KANSAS CITY, Mo. -- The Big 12 may have another member's loyalty to worry about when it comes to a long-term commitment.
Kansas AD Lew Perkins hinted strongly Tuesday that his school has been contacted by at least one other conference recently as expansion mania rages. Twice during a 26-minute press conference at the Big 12 spring meetings Perkins seemed to leave the door open for Kansas' future.
Asked directly whether his school had been contacted by another conference, Perkins said: "I won't go into any detail...People call me, I call on them. We're communicating."
Near the end of the press conference, Perkins was asked if Kansas would listen if the Big Ten called.
"How do you know they haven't called us [already]?" he teased.
So, have they?
"I want you to think about my question back to you," Perkins said.
Those comments don't necessarily mean Kansas is going anywhere. On the surface, KU is not exactly dealing from a position of strength. It has neither the market nor the football program that would seemingly be attractive to the Big Ten.
But Perkins' comments have to add another layer of angst for a conference worried about its future. Big 12 commissioner Dan Beebe has suggested he will issue an in-or-out ultimatum this week to schools with wandering eyes. Obviously, he is referring to Nebraska and Missouri which have been mentioned prominently as Big Ten candidates.
The Big 12 would be impacted severely if those schools left for the Big Ten. On the other hand, the league could get along with 10 teams and maybe even prosper more than it is now. With only 10 mouths to feed, a new lucrative TV contract could be negotiated next year.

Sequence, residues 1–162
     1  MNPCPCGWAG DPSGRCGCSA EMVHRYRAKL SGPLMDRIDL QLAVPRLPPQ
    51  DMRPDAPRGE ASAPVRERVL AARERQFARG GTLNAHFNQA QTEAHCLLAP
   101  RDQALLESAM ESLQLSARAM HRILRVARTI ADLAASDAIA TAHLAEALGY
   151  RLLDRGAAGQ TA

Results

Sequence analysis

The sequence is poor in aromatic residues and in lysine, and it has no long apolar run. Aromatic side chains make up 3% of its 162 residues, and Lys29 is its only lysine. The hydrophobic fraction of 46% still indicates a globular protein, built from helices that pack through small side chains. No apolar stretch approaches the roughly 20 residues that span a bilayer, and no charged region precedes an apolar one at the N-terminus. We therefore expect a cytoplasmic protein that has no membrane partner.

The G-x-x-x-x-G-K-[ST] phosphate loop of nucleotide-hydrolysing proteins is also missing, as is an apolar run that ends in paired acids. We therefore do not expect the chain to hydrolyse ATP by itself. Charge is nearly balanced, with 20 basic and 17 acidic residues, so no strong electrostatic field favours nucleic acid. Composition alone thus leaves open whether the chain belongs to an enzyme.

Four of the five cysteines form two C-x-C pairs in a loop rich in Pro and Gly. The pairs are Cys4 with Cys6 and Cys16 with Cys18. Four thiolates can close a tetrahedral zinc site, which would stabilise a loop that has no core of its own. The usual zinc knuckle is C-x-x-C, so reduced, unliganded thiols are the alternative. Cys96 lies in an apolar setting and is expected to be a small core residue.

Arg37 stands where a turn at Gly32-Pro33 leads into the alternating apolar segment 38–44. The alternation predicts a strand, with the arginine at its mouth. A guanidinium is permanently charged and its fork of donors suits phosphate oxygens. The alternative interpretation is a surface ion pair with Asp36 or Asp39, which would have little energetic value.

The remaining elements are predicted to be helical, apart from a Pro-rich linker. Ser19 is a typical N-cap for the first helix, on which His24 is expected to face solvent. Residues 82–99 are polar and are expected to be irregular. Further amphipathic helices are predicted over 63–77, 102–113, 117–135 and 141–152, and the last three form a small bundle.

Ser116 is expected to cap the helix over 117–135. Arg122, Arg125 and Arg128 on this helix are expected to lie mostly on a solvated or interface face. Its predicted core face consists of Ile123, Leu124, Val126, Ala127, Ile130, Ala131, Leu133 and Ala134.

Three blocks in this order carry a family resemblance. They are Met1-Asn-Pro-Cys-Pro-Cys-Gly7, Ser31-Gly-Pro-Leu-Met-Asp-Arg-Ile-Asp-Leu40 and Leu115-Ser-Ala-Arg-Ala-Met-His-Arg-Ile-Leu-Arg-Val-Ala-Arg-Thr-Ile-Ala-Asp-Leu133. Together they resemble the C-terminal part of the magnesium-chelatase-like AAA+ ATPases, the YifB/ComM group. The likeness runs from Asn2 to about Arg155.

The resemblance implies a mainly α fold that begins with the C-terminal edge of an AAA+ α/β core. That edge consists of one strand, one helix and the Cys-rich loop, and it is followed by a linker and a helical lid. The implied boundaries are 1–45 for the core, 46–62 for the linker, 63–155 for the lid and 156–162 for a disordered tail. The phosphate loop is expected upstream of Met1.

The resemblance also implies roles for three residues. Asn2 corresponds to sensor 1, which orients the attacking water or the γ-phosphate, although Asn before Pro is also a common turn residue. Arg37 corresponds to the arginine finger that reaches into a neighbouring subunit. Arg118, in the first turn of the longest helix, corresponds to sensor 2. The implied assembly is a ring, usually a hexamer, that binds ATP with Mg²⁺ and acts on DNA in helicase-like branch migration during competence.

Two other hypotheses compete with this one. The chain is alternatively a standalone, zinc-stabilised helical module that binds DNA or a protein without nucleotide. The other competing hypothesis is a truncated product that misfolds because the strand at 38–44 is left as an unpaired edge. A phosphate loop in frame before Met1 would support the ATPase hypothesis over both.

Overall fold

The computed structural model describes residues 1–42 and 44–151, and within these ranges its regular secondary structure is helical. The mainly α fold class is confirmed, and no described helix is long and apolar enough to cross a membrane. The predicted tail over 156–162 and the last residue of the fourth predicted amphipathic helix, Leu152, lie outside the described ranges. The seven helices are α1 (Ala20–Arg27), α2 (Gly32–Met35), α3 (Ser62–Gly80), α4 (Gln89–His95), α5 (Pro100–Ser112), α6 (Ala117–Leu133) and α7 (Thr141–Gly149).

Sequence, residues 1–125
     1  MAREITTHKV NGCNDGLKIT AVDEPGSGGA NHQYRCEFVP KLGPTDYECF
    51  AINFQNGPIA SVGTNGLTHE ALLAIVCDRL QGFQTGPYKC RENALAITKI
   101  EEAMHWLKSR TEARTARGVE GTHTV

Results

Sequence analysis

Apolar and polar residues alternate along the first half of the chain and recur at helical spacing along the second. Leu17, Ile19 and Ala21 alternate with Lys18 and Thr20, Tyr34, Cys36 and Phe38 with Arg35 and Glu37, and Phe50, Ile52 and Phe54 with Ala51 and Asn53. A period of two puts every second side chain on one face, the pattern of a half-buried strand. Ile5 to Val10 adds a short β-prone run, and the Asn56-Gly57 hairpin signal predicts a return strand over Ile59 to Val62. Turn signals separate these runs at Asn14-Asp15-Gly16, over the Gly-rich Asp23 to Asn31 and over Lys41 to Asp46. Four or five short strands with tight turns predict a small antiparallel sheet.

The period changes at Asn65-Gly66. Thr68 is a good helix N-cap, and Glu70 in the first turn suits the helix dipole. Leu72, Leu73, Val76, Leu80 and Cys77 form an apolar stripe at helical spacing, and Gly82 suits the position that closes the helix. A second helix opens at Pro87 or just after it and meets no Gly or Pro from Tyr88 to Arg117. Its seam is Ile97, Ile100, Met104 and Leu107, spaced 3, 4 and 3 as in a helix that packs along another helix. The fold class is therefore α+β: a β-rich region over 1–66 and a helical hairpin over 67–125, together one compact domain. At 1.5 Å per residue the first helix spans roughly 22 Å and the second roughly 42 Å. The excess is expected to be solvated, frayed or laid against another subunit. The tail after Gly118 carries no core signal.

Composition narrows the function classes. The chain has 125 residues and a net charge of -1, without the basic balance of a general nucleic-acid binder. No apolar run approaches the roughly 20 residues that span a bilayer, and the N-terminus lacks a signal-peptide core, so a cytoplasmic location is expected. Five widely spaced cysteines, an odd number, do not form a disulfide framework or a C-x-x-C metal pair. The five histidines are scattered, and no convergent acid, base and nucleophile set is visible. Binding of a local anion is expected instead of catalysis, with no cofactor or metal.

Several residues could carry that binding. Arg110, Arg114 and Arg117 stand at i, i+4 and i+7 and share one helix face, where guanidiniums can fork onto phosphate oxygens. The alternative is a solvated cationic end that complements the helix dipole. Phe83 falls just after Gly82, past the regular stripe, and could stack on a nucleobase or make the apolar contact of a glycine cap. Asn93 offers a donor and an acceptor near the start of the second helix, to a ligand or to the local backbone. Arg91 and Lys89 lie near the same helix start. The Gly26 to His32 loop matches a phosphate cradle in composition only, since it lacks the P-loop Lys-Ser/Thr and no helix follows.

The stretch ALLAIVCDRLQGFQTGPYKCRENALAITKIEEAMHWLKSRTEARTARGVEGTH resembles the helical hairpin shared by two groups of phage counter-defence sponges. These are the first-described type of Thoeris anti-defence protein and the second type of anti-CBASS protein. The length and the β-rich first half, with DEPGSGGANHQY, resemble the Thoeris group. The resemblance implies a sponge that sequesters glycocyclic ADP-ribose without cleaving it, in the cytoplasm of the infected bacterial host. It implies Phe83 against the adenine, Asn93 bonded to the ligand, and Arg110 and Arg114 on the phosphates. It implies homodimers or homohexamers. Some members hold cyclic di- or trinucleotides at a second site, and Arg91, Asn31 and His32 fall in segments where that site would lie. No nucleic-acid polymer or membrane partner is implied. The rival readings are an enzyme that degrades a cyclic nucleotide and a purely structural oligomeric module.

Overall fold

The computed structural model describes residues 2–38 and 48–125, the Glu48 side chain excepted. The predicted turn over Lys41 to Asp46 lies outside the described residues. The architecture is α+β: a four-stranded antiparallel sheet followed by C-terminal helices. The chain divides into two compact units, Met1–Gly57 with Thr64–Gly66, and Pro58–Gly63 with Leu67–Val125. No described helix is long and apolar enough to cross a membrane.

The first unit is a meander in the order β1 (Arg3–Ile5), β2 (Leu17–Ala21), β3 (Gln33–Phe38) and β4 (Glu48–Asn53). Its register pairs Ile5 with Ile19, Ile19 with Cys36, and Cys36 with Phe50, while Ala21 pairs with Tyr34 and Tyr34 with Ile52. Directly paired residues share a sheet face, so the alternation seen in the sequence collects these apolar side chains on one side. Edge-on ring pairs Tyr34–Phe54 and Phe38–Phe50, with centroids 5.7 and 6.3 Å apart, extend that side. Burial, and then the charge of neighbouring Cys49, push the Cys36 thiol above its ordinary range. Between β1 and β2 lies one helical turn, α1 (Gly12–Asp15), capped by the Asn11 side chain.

The Big 12 is the nation's biggest example at the moment of every-man-for-himself in the conference carousel. It could be poached on the East by the Big Ten and on the West by the Pac-10. As long as big dogs Texas and Oklahoma hang on, the Big 12 seemingly will stay viable. If not, well, Texas AD DeLoss Dodds didn't exactly pledge loyalty Tuesday when he said that the Longhorns "...are going to be a player in whatever happens."
It's all a matter of who has the leverage. Texas' is the richest athletic department in the country. Missouri has 2.5 million virgin households potentially for the Big Ten Network. Nebraska is a name brand that could turn on televisions all over the country.
Kansas? A top-five basketball program and a mediocre football program reside in one of the nation's least populated states.
"I'm worried every day about what is going to happen...," Perkins said. "This is serious, serious, serious stuff."
Perkins admitted he was distracted by a couple of recent scandals at the school and hadn't been fully focused on the expansion issue. The school reacted to ticket scam last week that may have cost the school between $1 million-$3 million in scalped tickets. Perkins also said he couldn't go into detail regarding an ongoing blackmail investigation. Perkins filed a police report in April over a dispute regarding workout equipment that had been lent to him.
"The future of Kansas and 200 other universities in this country is expansion and affiliation ...," Perkins added. "The Big Ten has been in existence for 100 years. The Pac-10 for 100 years [actually only 32 years]. If you really analyze us, we're [Big 12] teenagers. We're just young kids. This is me saying this: I want to grow old with all my siblings."
The meetings conclude on Friday.